Opera past and present in guises old and new.
It would be very easy indeed to leave the theatre thinking about the plight of soldiers and their families, or the particular evils of specific wars, or the inadequacies of psychiatry. And to provoke such real-life thoughts is one thing the arts can do. But Berg’s Wozzeck asks us to refrain from treating this human tragedy as a case study.
In spite of being based broadly on Euripides’ character, Charpentier’s Medea is curiously modern, and at times her modernity emerges into the music, with harsh discords that strain against baroque formality.
Peter Konwitschny has cut the piece back to its simple lines: boy meets dying girl; they fall in love but society tears them apart; he comes back to her but she dies. Played straight through, with no interval, it runs under two hours.
Sometimes the dancers function as symbols or sylphs, for example appearing as birds to comfort the lonely Queen or as fawning girls to dote and climb adoringly all over Caesar. At other times they serve to paint a character’s emotion more vividly or convey a sense of overall musical mood.
Martinu’s vocal lines have a lightness of touch that makes room for comedy as well as romance and jeopardy. The vocal echo is a recurring motif, adding to the sense of unreality and disorientation. Beauty runs through, among the witty instrumentation and dramatic crescendo
The music takes its temper and tempo from the sea, with its growling timpani thunder and the swirling chromatic whirlpools of strings. The sea also represents both the site of the Dutchman’s fateful aspiration and his current prison and jailer.
There are, though, moments of directorial wit as well, and their characterisation of Rusalka – adorably played by Camilla Nylund – is delightful, as she struggles in her high-heels and gets her wedding outfit wrong. Up until the rape bit, the giant cat’s a laugh too.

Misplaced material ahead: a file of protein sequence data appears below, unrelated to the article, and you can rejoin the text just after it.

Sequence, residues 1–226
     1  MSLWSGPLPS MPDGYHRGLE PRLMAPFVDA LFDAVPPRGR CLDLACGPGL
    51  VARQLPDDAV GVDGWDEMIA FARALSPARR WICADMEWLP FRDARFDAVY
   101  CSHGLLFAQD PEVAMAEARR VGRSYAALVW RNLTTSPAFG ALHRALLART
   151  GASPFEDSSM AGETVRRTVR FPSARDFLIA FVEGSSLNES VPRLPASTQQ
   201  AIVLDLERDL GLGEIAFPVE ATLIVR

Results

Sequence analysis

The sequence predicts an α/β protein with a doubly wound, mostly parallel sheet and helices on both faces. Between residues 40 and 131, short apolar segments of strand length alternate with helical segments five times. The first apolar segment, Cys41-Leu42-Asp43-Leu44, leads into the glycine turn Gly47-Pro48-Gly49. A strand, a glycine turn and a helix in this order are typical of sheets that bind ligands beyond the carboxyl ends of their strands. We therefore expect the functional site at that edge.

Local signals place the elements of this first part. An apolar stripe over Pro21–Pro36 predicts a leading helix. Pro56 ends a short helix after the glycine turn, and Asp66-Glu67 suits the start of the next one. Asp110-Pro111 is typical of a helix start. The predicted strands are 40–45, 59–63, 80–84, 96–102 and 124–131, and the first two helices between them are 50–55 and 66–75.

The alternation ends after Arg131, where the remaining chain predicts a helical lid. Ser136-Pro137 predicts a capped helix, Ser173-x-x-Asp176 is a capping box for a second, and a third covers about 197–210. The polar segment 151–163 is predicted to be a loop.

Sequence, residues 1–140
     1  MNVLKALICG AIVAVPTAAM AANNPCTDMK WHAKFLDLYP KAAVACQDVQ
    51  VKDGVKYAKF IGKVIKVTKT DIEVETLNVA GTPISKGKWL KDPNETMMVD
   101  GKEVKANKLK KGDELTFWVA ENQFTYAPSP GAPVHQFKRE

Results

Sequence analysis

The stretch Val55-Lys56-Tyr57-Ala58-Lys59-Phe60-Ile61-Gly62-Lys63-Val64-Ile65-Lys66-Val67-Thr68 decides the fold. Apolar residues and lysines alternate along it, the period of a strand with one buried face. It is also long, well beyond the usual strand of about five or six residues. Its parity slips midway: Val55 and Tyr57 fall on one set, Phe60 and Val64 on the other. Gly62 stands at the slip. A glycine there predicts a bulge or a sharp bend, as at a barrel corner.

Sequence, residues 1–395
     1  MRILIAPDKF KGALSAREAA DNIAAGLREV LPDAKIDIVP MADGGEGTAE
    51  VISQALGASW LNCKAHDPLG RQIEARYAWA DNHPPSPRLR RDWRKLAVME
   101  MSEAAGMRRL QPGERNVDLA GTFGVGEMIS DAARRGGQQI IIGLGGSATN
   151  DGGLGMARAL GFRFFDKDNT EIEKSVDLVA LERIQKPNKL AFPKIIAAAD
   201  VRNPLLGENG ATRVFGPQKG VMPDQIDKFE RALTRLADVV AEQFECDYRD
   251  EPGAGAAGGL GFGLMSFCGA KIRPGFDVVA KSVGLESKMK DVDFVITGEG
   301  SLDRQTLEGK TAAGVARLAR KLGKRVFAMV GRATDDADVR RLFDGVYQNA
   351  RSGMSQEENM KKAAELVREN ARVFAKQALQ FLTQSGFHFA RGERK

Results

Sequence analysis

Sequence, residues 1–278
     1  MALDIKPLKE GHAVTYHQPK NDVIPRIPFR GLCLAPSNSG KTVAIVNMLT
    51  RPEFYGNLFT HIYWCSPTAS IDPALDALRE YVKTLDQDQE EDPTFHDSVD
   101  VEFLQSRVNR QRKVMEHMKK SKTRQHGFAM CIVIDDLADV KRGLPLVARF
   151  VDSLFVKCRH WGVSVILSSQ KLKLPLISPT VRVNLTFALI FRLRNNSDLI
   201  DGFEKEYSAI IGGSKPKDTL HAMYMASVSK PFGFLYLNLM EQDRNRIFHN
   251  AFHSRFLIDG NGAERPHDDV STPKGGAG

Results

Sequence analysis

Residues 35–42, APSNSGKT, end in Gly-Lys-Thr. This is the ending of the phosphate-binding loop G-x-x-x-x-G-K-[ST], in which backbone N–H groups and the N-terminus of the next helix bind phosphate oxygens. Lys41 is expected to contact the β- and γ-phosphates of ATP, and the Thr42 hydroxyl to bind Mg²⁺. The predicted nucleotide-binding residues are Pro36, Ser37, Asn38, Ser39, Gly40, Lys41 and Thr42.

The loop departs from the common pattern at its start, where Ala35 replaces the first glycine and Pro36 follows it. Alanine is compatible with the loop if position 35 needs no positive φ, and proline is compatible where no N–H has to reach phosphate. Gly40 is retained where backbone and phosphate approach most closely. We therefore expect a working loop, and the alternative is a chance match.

As a contemporary work, it expresses a dilemma of our time. Do I take sides, or do I invite everyone in to have their say? Do I tell the story my way, or present the audience with fragments and let them make up their own narrative?
If you wanted to take Rosenkavalier at face value as a tale of young love you could, just about, with eyes half shut. But with eyes wide open the tragedy of the Marschallin, engineering the very abandonment she foretold, adds depth to the story.
The line ‘What did you expect: the Spanish Inquisition?’ is little more flippant than much of the original text by Da Ponte, who, in adapting his text from the play by Beaumarchais, deliberately expunged all references to politics. The Marriage of Figaro is absolutely not a commentary on the banking crisis, and is all the better for it.
Purcell’s music in particular stands out from its contemporaries and even later composers in its exuberant, life-affirming quality, its assuredness in handling mood, from unabated joy to harrowed emotional longing and despair.
Overall though, it is the texture of Weinberg’s music that’s most arresting, the loose tonality and regular use of drums and bells, the often bare and brittle melodies and wide open bits of chord, odd bits of jazz and tugging dissonances. Musically, it is at once easy to listen to but difficult to get lost in, giving way to a state of sort of resigned semi-alertness.
The commitment of Burstein and Edwards to their piece is never in doubt, and good for them. Furthermore, the creators’ zealousness has attracted the support of a hugely talented young theatre company. It’s just a pity that this company’s faith hasn’t been better rewarded.